"I don't understand why some kids git a good school and mother and father and some don't. But Rita say forgit the WHY ME shit and get on to what's next." -- Precious, PUSH
By the time Precious is sixteen, her life's been one of submission for survival's sake. She's in junior high, can't read or write, weighs two-hundred-pounds and is pregnant by her father for the second time.
When her second pregnancy is discovered by school administrators, she's expelled and referred to an "alternative" school, where she meets girls with similar backgrounds as hers, and a teacher who changes her life. Miss Rain does more than teach her to read and write; she teaches her to find her "voice."
It's through the process of journaling that Precious finds the strength she'll need to leave her mother and deal with the biggest challenge she's faced yet.
By the time I finished PUSH, I felt optimism for Precious' future. I also felt a sadness that stayed with me long after I read it. Sapphire's raw and uninhibited verse was evidence to me that she'd not created Precious in a vacuum.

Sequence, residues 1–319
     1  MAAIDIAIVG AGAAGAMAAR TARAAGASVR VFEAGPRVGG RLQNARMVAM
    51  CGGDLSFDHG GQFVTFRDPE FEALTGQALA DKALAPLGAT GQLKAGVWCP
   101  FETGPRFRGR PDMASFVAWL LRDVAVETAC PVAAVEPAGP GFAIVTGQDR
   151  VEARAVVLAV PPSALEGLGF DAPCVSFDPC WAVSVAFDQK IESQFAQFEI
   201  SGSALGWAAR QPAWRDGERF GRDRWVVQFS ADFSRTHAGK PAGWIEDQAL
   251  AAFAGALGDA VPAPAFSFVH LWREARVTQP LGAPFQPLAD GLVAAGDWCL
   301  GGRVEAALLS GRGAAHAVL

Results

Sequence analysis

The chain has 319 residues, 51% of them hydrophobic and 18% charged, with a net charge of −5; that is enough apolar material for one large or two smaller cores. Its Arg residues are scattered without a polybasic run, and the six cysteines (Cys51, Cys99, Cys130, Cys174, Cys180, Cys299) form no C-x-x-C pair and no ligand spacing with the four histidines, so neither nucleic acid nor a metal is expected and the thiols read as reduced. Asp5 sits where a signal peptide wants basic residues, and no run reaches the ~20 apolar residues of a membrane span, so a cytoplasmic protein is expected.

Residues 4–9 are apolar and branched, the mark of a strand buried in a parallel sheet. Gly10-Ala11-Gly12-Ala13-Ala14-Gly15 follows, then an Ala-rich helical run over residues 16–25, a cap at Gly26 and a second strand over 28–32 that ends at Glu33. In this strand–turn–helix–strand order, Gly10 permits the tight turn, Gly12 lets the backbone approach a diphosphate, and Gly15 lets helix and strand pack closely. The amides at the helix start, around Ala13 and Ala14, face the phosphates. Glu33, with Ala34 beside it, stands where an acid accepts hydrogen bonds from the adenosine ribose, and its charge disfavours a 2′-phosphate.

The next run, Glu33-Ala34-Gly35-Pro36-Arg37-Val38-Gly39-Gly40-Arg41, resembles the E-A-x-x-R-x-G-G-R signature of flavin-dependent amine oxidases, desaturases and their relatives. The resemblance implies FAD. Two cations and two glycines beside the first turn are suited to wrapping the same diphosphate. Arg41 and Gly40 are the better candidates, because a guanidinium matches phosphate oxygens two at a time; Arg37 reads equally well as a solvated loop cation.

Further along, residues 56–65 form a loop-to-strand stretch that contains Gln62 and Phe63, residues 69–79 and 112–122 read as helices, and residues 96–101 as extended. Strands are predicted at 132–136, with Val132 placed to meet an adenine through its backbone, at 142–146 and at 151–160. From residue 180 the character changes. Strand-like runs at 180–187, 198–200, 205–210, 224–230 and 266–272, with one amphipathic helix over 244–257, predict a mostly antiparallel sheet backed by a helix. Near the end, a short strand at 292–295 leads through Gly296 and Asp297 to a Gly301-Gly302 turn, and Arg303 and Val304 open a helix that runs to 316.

PUSH is poetic and thought-provoking. But it's also graphic and disturbing. It's a book I'd only recommend to readers who are comfortable feeling uncomfortable.
Do you think a story is ever too gritty or shocking to tell? When you think of an author writing authentically, what books or stories come to mind that you've read?
KATIE COURIC SITS WITH AUTHOR SAPPHIRE:
In the following short video clip, Sapphire discusses her background, where she got the inspiration to write Precious' character, and the movie adaptation of her book. She's an inspiring lady. (Click here to watch the entire interview.)
"But I couldn't let him, anybody, know, page 122 look like page 152, 22, 3, 6, 5 -- all the pages look alike to me. 'N I really do want to learn. Everyday I tell myself something gonna happen, some shit like on TV. I'm gonna break through or somebody gonna break through to me -- I'm gonna learn, catch up, be normal, change my seat to the front of the class. But again, it has not been that day." -- Precious, PUSH